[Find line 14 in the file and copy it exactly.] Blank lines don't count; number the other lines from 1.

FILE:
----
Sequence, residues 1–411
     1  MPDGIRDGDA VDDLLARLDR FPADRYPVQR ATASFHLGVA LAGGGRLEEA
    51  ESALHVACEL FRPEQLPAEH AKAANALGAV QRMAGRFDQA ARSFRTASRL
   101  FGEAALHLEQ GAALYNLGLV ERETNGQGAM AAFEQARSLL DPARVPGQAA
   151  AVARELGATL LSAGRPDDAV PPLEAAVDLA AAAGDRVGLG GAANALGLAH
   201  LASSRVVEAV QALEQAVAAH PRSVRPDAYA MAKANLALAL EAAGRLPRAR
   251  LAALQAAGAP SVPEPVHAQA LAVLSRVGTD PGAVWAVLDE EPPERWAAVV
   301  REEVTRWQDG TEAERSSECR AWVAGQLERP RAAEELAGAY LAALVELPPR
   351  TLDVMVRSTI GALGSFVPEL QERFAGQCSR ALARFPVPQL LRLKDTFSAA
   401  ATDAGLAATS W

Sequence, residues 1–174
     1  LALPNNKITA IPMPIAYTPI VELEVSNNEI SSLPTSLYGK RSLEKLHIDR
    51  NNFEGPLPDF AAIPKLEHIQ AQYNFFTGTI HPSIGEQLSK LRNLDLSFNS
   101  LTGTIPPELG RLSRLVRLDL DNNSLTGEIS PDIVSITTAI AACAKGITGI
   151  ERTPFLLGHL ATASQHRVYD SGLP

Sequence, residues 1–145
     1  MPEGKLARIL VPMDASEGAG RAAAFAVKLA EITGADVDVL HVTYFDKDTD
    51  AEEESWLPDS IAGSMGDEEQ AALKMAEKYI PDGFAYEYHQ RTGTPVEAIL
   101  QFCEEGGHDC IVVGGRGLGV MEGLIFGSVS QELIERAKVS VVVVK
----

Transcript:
   101  LTGTIPPELG RLSRLVRLDL DNNSLTGEIS PDIVSITTAI AACAKGITGI